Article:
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At the Extreme Affordability Conference in Accra, we saw some of the unusual partnerships and switchpoints that are transforming West Africa’s health and tech landscape.
Nestled on the banks of the Volta River, about 50 miles outside of Accra, Ghana, something big is happening.
Ensign College of Public Health in Kpong is quietly demonstrating how its creative partnership with the government of Ghana, private philanthropists, and the University of Utah can serve as a model for preparing the next generation of global health leaders—and for making extreme affordability a reality.
Extreme affordability—that is, making the highest standard of health care universally accessible and affordable to everyone—could be the key to overcoming extreme poverty and achieving universal health coverage, according to the University of Utah, which coined the phrase through its annual Extreme Affordability Conference in Salt Lake City. This year, they held the event in sub-Saharan Africa, where the need is greatest but the opportunity for progress is palpable.
Ghana and its neighbors are tackling the biggest global health challenges of our day.
I was one of more than 200 people, nearly half of whom were students, gathered at Ensign last week to explore how Ghana and countries throughout West Africa are tackling the biggest global health challenges of our day. Global health thought leaders from the region and from around the world challenged participants to be bold, embrace innovation in all its forms, engage deeply with citizens and patients as true partners in achieving their own health aspirations, and partner with those who see the world differently.
Our friends from Utah had invited IntraHealth International and our SwitchPoint production team to help create an unusual gathering within the event, infusing the academic conference with the creativity, artivism, humanitarian tech, and entrepreneurial energy our annual SwitchPoint conference in Saxapahaw, North Carolina, is known for.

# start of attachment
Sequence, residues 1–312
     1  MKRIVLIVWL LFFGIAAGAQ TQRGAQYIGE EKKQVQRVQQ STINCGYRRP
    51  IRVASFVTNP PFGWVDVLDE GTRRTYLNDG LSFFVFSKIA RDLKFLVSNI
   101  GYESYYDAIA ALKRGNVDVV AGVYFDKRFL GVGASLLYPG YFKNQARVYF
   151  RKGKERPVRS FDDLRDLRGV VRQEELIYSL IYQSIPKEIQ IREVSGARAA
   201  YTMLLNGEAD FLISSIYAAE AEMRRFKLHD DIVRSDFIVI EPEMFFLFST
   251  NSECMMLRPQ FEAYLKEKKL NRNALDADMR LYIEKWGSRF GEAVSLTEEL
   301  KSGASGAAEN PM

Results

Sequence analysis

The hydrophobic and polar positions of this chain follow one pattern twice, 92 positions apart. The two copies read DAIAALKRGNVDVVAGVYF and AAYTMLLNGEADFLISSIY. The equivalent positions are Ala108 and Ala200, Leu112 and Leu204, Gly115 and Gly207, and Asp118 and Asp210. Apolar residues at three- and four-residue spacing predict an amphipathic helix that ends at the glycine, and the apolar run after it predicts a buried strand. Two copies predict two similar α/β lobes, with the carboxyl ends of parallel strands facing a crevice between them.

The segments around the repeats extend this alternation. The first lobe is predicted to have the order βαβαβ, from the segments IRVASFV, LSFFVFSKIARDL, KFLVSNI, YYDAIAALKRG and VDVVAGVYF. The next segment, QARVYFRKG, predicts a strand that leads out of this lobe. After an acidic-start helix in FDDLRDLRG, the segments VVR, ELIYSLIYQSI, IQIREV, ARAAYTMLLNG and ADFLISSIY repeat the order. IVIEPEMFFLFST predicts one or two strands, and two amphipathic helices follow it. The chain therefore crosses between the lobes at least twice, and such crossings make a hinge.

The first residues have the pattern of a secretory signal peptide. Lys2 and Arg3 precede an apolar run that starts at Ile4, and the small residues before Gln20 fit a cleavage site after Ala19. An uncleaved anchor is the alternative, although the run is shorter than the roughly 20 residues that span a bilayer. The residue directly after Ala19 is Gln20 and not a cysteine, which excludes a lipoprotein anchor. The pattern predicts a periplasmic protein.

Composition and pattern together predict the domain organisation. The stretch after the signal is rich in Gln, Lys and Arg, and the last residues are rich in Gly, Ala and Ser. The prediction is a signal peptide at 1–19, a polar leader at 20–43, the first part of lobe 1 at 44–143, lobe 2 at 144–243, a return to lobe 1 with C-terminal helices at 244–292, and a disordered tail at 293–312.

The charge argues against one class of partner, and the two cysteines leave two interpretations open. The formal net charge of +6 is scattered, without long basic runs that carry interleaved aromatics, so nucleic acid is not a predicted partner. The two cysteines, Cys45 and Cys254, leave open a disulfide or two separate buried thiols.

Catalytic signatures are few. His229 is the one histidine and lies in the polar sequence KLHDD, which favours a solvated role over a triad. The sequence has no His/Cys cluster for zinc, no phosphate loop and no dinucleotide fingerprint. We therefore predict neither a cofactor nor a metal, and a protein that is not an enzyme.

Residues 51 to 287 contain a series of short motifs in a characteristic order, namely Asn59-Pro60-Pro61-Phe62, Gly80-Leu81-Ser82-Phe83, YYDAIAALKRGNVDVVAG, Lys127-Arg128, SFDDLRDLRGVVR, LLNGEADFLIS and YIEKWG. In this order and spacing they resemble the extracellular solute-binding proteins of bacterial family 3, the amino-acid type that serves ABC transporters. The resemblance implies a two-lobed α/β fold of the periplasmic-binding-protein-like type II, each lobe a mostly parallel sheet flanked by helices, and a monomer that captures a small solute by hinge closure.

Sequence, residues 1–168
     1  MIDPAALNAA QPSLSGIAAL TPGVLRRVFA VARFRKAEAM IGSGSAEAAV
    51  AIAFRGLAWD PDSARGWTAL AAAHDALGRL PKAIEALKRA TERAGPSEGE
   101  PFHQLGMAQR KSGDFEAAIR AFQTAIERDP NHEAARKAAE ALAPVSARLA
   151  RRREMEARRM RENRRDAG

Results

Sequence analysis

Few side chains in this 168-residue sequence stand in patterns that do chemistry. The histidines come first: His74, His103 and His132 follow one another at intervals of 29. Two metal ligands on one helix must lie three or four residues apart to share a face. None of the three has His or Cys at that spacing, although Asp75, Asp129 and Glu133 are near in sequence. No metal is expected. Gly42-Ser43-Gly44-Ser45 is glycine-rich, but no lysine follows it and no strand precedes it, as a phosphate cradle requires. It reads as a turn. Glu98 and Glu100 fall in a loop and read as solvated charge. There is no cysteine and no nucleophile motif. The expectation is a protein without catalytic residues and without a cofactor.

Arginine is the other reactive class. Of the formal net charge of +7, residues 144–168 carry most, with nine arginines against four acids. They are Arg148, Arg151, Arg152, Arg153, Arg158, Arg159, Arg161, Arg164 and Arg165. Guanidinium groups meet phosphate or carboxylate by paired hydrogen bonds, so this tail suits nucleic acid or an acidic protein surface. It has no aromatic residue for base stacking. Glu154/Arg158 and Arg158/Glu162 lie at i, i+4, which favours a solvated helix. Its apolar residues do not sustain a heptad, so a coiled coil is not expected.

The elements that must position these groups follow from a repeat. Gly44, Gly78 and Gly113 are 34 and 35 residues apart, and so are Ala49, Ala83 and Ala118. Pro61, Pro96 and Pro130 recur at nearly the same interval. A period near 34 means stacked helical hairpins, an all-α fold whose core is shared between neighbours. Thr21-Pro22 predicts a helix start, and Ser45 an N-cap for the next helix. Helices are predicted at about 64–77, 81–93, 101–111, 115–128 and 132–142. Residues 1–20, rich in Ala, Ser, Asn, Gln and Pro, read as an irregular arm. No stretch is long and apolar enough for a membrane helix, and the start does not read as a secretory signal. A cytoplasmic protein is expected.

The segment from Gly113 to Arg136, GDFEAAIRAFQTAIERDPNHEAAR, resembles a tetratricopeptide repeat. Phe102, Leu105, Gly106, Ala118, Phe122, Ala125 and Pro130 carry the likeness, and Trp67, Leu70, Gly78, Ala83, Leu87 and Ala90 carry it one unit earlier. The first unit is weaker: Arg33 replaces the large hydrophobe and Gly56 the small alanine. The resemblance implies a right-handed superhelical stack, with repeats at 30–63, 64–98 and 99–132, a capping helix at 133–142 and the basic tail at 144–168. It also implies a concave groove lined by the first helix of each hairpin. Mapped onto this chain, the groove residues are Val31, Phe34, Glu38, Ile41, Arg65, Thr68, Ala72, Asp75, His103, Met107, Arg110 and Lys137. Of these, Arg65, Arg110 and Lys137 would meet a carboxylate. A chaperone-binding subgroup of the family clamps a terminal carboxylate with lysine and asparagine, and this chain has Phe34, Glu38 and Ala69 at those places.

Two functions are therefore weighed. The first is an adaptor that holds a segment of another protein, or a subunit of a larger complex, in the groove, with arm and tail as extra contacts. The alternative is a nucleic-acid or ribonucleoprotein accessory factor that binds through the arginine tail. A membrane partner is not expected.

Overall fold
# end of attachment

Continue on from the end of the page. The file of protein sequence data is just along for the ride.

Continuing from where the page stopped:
Just like at SwitchPoint, my head was spinning and my heart filled with optimism. My fellow participants were surgeons, internal medicine specialists, public health practitioners, researchers, bench scientists, MBAs, venture capitalists, students, artists, photographers, economists, technologists, industrial designers, school teachers, and others, and we were all focused on the innovations underway by Ghanaians, other Africans, and university faculty and staff.
For example, the University of Utah David Eccles School of Business organized a mini innovation challenge where we role-played as investors who must vote on the top health technology innovation among seven products currently under development. The winner was a low-cost, reusable device designed to use vacuum extraction to immediately stop profuse bleeding following childbirth, one of the leading causes of maternal death.
The runner up was the Umbilikit, a device for home delivery kits designed to safely and effectively cut umbilical cords. This idea came from a doctor who regularly found that razor blades went missing from the home delivery kits because there are so many other uses for them in resource-constrained environments.